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Buy-to-let properties and Inheritance tax – where do you stand?

Amy Peters
04 November 2021 17 min read

We are often asked how Inheritance Tax rules apply for those that own buy-to-let properties. Typically, inheritance tax is payable on buy-to-let properties as they will form part of your estate when you die.

Inheritance tax is charged by HMRC at a rate of 40% on any value above a single person’s nil rate band allowance of £325,000 therefore your overall tax liability could be large when you also include your other assets.

How can I reduce inheritance tax on buy-to-let properties?

You may consider selling these some or all of these properties before you die to reduce your IHT bill. However, keep in mind that if the value of the property has increased since your purchase it, Capital Gains Tax (CGT) may be payable.

Capital gains tax on residential property is either 18% or 28% depending on whether you are a standard rate or higher rate tax payer on any gain made over £12,300 (2021-2022).

But do keep in mind, you will still have to pay IHT on the case from the sale which now forms part of your estate unless you spend it all before you die.

If you already have a Will and are not sure how this affects it, read this article on how to update your Will.

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Gifting Assets

Even if you choose to gift property to your beneficiaries during lifetime for nothing, you’ll still incur a potentially hefty CGT bill. This would be based on the price when you bought the property and the market value when you gave it away.

In addition, when it comes to gifting the property or cash realised from selling the property, IHT rules require you to live for 7 years after the date of the gift for the gift to be exempt from IHT. If you live for less then 7 years, the recipient of the gift will be charged inheritance tax on the asset. This will be based on a sliding scale depending on how long you lived after making the gift.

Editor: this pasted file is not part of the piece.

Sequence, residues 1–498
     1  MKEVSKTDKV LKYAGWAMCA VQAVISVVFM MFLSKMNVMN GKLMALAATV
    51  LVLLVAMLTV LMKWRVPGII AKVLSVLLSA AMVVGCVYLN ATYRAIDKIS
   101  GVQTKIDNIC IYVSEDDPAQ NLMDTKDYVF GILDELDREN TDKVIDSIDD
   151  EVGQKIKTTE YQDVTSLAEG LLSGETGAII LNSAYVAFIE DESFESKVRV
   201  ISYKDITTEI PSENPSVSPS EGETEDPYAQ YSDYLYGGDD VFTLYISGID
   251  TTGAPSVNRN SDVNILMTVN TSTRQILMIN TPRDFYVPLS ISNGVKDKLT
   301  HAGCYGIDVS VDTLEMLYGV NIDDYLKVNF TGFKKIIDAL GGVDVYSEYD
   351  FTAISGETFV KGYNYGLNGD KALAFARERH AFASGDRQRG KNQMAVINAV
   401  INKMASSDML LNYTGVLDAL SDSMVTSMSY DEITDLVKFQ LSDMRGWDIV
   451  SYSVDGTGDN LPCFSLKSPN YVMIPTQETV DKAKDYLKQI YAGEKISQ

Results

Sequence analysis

For property that is owned jointly, the value of the gift is split between yourself and the co-owner (usually your partner or spouse) and each considered separately for inheritance tax purposes. Therefore, you would both have to live for at least 7 years after making the gift for it to be considered as a potentially exempt transfer.

Do be cautious if you’re thinking of selling properties to your beneficiaries for less than the market value. This is considered a gift by HMRC and the value in this instance is the difference between the market price and what you sold the asset for.

Inheritance tax on property purchased through a limited company

Buying a property through a limited company may seem to an option to manage IHT on you property portfolio when you die. However, it’s worth keeping in mind that you can’t simply transfer existing assets into a new limited company setup and reduce inheritance tax that way as this is classed as a ‘disposal’ and would be chargeable under capital gains which may diminish any inheritance tax savings.

Often people raise the question of business property relief (BPR) in relation to inheritance tax as this does exempt a ‘business or an interest in a business’ from inheritance tax and therefore passing on a share of a limited company can be inheritance tax free depending on the nature of the business assets.

However, BPR cannot be claimed in the company ‘mainly or wholly deals with securities, stocks or shares, land or buildings in making or holding investments’. Essentially this means that a company that just holds property and collects rent cannot claim business property relief.

What is the next step? 

Tax, it’s a complicated area that’s for sure and if you’d like to discuss your situation further, contact us and we’d be happy to help.

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